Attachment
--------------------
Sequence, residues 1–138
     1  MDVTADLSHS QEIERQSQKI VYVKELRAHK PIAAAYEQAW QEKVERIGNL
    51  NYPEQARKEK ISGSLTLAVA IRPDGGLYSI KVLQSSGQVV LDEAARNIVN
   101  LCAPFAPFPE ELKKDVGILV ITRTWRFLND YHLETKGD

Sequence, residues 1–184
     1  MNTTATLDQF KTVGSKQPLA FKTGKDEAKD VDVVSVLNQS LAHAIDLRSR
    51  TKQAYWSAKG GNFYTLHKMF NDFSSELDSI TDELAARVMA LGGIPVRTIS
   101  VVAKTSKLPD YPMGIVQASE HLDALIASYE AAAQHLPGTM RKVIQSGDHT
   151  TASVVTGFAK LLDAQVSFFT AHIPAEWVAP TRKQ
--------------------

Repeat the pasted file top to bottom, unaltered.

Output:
Sequence, residues 1–138
     1  MDVTADLSHS QEIERQSQKI VYVKELRAHK PIAAAYEQAW QEKVERIGNL
    51  NYPEQARKEK ISGSLTLAVA IRPDGGLYSI KVLQSSGQVV LDEAARNIVN
   101  LCAPFAPFPE ELKKDVGILV ITRTWRFLND YHLETKGD

Sequence, residues 1–184
     1  MNTTATLDQF KTVGSKQPLA FKTGKDEAKD VDVVSVLNQS LAHAIDLRSR
    51  TKQAYWSAKG GNFYTLHKMF NDFSSELDSI TDELAARVMA LGGIPVRTIS
   101  VVAKTSKLPD YPMGIVQASE HLDALIASYE AAAQHLPGTM RKVIQSGDHT
   151  TASVVTGFAK LLDAQVSFFT AHIPAEWVAP TRKQ